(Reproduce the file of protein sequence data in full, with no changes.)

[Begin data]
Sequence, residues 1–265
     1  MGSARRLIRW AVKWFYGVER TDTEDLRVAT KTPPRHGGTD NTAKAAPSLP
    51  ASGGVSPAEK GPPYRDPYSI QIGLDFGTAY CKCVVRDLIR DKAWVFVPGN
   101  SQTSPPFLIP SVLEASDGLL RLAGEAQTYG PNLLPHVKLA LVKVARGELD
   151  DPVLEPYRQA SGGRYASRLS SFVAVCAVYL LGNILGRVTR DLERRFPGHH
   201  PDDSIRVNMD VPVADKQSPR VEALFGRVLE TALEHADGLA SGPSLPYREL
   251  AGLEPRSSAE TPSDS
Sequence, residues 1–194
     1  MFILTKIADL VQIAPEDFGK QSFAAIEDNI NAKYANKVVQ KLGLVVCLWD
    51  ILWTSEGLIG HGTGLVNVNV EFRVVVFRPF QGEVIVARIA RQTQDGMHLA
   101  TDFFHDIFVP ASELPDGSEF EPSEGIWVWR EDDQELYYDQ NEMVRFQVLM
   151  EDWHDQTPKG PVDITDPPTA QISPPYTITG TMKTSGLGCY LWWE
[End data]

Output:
Sequence, residues 1–265
     1  MGSARRLIRW AVKWFYGVER TDTEDLRVAT KTPPRHGGTD NTAKAAPSLP
    51  ASGGVSPAEK GPPYRDPYSI QIGLDFGTAY CKCVVRDLIR DKAWVFVPGN
   101  SQTSPPFLIP SVLEASDGLL RLAGEAQTYG PNLLPHVKLA LVKVARGELD
   151  DPVLEPYRQA SGGRYASRLS SFVAVCAVYL LGNILGRVTR DLERRFPGHH
   201  PDDSIRVNMD VPVADKQSPR VEALFGRVLE TALEHADGLA SGPSLPYREL
   251  AGLEPRSSAE TPSDS
Sequence, residues 1–194
     1  MFILTKIADL VQIAPEDFGK QSFAAIEDNI NAKYANKVVQ KLGLVVCLWD
    51  ILWTSEGLIG HGTGLVNVNV EFRVVVFRPF QGEVIVARIA RQTQDGMHLA
   101  TDFFHDIFVP ASELPDGSEF EPSEGIWVWR EDDQELYYDQ NEMVRFQVLM
   151  EDWHDQTPKG PVDITDPPTA QISPPYTITG TMKTSGLGCY LWWE